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Why do we lie to ourselves? April 24, 2023

I have a lot of patients ask my opinion about natural supplements and vitamins to treat certain ailments. I suppose it’s because of my reputation of being an open minded judge in regards to analyzing the significance of the effect of traditional or alternative treatments for any number of ailments.  Sometimes the best treatment is the traditional Western approach using FDA-approved medicines and procedures, prescribed and administered by medical physicians. Sometimes the best treatment is the non-traditional Eastern approach using natural supplements and herbs. It should come to no surprise that many medications prescribed by doctors were first found in nature. Some of these examples include willow bark for the anti-inflammatory Aspirin, red yeast rice for the cholesterol medication Lovastatin, and most recently, gila-monster venom (almost like snake oil!) for the diabetes drug Byetta. 

I tell my patients the only litmus test I use when evaluating a treatment is the available evidence-based research showing that the treatment in question is shown to be effective to treat that condition. Having preconceived biases really hampers my ability to be an effective doctor, so I need to always make sure that I check myself before rendering a judgment that may be premature. It can be, and indeed is very difficult to do a “self-check” of my personal set of biases when I undertake such a task. 

But this brings up a great point–sometimes we want something to be true so badly that we unknowingly accept falsehoods in order to craft our own narrative to support that viewpoint. For example, a patient who has been smoking a pack of cigarettes every day refuses to take  cholesterol medicine because they don’t want to take “those bad chemicals” into their body, even though it may save their life. Another patient has no problem eating only organic grown and processed food to avoid the “harmful pesticides and hormones” in their food, but they also don’t exercise and they drink alcohol excessively, which is far worse than eating non organic foods. Yet another patient has no problem spending hundreds of dollars per month on supplements that give “all the nutrition from fruits and vegetables I need” in a few capsules without realizing that all the nutrition that they really need is to just eat those fruits and vegetables from a garden, at about ¼ of the cost. I could go on about other stories from my patients that cause me to scratch my head. I’m sure I do things that cause at least my wife to scratch her head.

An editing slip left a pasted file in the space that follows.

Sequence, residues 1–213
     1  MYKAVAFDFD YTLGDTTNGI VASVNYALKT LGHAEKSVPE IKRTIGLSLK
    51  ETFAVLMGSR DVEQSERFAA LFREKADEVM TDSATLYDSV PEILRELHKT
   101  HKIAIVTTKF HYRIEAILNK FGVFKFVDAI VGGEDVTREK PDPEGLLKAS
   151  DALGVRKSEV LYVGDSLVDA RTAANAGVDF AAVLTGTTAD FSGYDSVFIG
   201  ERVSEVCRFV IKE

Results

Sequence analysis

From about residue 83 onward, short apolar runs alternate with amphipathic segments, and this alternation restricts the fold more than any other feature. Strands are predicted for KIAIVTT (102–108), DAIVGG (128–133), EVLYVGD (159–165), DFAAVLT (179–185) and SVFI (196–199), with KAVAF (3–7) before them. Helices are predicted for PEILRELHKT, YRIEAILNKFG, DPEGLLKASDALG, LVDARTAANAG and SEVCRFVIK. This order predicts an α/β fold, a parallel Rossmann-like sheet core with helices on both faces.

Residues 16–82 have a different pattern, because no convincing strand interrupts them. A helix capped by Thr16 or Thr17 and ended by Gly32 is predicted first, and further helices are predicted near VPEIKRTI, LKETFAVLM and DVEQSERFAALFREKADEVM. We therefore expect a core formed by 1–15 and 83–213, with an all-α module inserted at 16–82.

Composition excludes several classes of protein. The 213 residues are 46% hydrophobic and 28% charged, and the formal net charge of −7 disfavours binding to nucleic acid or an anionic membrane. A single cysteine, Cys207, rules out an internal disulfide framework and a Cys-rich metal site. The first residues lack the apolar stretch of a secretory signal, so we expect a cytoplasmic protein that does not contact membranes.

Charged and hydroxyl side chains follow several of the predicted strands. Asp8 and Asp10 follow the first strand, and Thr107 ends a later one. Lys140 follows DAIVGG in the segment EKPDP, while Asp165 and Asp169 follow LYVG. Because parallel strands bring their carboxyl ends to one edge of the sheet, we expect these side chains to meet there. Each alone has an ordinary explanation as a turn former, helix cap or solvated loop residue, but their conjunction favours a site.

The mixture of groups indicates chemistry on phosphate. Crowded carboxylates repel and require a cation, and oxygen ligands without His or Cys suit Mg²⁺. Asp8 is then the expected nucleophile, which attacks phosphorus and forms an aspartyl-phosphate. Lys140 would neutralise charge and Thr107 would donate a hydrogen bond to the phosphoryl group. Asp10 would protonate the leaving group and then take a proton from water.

Why do we lie to ourselves? Why do we tell ourselves stories that can’t possibly be true in the real world, yet we believe them anyway? We weave our own narrative into our life stories that explain our very bizarre behaviors. Every last one of us believes something that can’t possibly be true in reality. No one person is immune. Either something we learned as a child, in our youth, or as an adult from family, friends, our social media group, in school, at work…It can be very subtle where we pick these things up from. And yet, in this age of the explosion of digital communication, we disdain any sort of discomfort that may prove us wrong in our beliefs.  We double down by wrapping ourselves in the comfortable blanket of acceptance of others who believe like us. And believe me, there are support groups for anything and everything. This bizarre thinking  afflicts all levels of people, right and left, educated and uneducated, naïve and experienced, sophisticated and simple, old and young, wealthy and poor, black and white. We want to feel comfortable and safe in our own stories. When we surround ourselves only with others who think and feel as we do, we become equally deluded by their stories as we do with our own.